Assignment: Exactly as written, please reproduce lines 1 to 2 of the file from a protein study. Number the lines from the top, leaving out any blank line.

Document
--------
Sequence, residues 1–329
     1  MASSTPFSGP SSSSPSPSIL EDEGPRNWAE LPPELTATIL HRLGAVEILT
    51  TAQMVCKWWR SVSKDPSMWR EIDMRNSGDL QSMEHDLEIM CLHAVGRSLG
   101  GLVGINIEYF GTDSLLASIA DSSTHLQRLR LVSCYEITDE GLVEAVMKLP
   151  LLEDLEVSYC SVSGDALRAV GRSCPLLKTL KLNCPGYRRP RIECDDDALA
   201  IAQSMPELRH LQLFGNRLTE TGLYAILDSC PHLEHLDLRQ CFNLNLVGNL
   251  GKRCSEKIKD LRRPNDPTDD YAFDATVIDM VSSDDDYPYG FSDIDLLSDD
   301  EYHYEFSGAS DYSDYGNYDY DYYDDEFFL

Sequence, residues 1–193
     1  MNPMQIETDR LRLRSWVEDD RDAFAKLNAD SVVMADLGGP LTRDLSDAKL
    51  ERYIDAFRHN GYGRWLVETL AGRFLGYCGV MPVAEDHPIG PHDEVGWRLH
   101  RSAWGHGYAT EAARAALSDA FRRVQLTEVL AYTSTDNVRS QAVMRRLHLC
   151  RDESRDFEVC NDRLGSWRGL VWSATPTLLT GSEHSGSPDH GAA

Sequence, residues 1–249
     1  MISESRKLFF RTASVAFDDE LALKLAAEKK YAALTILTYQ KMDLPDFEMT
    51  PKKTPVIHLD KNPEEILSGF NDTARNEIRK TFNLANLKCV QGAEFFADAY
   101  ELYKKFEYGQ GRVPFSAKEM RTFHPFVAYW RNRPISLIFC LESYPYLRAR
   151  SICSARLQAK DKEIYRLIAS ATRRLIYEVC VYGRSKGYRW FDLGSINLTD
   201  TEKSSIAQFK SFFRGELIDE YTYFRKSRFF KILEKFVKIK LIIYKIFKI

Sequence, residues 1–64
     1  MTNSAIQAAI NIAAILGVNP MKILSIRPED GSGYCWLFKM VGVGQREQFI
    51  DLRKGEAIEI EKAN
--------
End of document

Sequence, residues 1–329
     1  MASSTPFSGP SSSSPSPSIL EDEGPRNWAE LPPELTATIL HRLGAVEILT